Variable lifetime and loops

Discussion in 'Mac Programming' started by JonnyThunder, Sep 28, 2008.

  1. macrumors member

    Joined:
    Aug 16, 2008
    #1
    Hi, I took a break and started reading Kochans book again. About a quarter through it - I wrote a little 'mess around' script to add a bunch of strings to a mutable array. Here is the code...

    Code:
    #import <Foundation/Foundation.h>
    
    int main (int argc, const char * argv[]) {
    	
    	// Create a mutable array
    	NSMutableArray *myArray = [[NSMutableArray alloc] init];
    	
    	// A test loop of 10 items
    	for (int i=0; i<10; i++)
    	{
    
    		// Create an NSString object and init with a string
    		NSString *myString = [[NSString alloc] initWithFormat:@"Number is %d", i];
    		
    		// Add the string object to my array
    		[myArray addObject:myString];
    		
    	}
    	
    	// *** The last occurence of myString doesn't exist here. Why not??
    	
        return 0;
    }

    So my understanding is that I'm doing this....

    - 1. Creating a mutable array
    - 2. Looping 0 through to 9
    - 3. (each iteration) Creating a NSString object and adding it to my array


    But I have two basic questions.

    - 1. Why doesn't the last created NSString object exist after the end of the For loop?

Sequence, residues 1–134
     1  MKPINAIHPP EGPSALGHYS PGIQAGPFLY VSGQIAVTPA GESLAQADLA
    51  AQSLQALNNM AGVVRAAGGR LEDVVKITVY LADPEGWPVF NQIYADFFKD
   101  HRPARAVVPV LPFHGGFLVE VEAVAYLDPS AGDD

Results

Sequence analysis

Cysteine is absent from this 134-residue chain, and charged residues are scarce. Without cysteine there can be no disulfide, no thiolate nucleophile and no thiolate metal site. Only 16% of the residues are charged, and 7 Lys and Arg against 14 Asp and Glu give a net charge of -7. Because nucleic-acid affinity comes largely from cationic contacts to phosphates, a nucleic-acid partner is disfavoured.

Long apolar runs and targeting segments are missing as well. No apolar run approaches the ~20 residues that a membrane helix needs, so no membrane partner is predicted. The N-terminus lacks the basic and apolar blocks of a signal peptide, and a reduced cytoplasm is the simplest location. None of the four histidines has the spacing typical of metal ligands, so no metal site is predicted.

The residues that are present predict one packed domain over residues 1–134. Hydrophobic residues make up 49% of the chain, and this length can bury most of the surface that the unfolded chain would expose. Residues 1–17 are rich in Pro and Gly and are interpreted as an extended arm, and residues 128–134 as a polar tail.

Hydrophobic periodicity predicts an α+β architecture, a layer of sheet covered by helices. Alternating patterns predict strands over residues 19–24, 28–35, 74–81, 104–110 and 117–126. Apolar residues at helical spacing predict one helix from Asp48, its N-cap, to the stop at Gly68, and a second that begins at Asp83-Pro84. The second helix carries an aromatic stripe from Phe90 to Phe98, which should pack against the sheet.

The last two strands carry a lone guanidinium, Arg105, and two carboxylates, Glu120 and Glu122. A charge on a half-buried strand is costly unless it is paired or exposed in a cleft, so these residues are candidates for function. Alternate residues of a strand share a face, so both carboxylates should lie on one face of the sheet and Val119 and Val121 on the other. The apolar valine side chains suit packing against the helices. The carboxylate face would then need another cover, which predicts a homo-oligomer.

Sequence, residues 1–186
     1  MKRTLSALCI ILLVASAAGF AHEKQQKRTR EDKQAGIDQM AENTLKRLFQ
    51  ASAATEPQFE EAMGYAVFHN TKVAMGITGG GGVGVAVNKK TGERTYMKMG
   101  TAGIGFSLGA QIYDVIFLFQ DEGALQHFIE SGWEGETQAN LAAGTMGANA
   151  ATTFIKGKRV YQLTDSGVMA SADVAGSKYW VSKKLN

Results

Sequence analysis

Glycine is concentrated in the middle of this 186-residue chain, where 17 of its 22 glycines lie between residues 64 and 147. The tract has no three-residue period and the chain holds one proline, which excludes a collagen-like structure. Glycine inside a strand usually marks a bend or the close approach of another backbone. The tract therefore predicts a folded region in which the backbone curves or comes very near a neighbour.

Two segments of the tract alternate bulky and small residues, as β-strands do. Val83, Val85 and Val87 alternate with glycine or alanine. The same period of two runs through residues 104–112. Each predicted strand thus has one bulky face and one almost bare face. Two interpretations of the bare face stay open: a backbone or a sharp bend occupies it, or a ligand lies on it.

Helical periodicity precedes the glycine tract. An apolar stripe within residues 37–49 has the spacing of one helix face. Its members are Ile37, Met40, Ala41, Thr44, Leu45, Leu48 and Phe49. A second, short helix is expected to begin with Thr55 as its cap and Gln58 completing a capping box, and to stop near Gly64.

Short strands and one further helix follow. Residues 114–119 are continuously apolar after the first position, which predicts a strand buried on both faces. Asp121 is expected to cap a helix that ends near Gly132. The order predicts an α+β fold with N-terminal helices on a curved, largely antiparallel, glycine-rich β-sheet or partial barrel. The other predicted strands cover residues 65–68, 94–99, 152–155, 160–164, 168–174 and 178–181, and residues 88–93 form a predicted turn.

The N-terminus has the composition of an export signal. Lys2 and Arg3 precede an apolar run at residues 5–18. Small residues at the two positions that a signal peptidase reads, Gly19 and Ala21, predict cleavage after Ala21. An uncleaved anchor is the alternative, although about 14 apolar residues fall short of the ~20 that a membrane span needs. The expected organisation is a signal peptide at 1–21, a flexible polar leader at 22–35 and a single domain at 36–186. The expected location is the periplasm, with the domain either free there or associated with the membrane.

- 2. If the array holds 'pointers' to the NSString objects, how do I still reference those objects directly - considering I'm using the same object name on each iteration and it doesn't exist after the end of the loop?
     
  2. Moderator emeritus

    robbieduncan

    Joined:
    Jul 24, 2002
    Location:
    London
    #2
    Basic C scoping rules. You declared the variable within the loop so that variable is only in scope within the loop. The object still exists in memory: the variable name does not

    See above regarding scope, but I don't really understand this question at all.
     
  3. thread starter macrumors member

    Joined:
    Aug 16, 2008
    #3
    Right, OK. I'll read up more on C variables and scopes.

    Never mind the second question - it makes sense to me now.

    thanks,
     

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